The History Of Quarantine: How Individual Actions Stopped Our Biggest Threats

By Grace Taylor

With many cities, states, and even countries issuing "stay at home" orders to stop the spread of COVID-19, now might be a good time to look back through history at just what exactly quarantine is, where it came from, and how successful quarantine has proven in the past.

Plague doctor mask. (Getty Images)

Quarantine Through The Ages

Yersinia pestis, A.K.A. the Black Death or bubonic plague, is a bacterium that spread throughout Europe during the mid- and late-1300s, killing over 30% of the entire continent. Within a few days of exposure, a victim of the bubonic plague experienced high fevers, body aches, and nausea that sometimes resulted in vomiting blood while the lymph nodes (those things that help fight off infections) of their necks, armpits, and groins swelled massively. Once the infection reached the blood, body parts began to die off, and the victim's skin turned black. Overall, not a fun or pretty way to go.

The bacterial infection was spread by the bite of fleas, which often resided on the rats that swarmed city streets and kept second homes in the well-stocked underbellies of merchant ships. Since rodents have no idea of their own consciousness, let alone the concept of self-isolation, they spread the bacterium all across Europe on their globetrotting adventures. Unfortunately, medieval Europeans—who were considerably more self-aware but roughly equally knowledgeable about germ theory—never got a clear understanding of how the plague manifested, either.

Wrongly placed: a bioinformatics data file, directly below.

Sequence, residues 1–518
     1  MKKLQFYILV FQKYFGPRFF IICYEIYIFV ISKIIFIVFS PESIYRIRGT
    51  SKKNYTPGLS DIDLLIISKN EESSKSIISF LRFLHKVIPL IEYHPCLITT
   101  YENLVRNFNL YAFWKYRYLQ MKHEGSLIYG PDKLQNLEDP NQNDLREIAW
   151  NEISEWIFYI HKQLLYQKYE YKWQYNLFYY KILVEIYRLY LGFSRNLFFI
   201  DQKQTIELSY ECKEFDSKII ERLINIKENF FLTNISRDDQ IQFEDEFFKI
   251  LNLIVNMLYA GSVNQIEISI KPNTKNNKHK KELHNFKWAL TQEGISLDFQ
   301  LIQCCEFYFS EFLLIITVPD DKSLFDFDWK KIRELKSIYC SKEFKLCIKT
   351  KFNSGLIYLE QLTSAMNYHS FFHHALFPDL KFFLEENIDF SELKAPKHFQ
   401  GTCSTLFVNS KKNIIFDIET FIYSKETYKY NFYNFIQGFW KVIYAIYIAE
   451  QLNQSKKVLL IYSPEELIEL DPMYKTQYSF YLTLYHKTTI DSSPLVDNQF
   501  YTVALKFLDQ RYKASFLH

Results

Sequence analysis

The people of Venice, however, did land on something at least marginally useful. As the Venetians controlled many points of entry for merchant ships, they decided to stop all ships at the ports and isolate them for 40 days before allowing them onto the shore. The Italian word quarantino, derived from the word for the number 40, eventually morphed into the English "quarantine" as the practice became popular throughout Europe. Although the Plague was already spreading, most historians believe the Venetian quarantine was beneficial.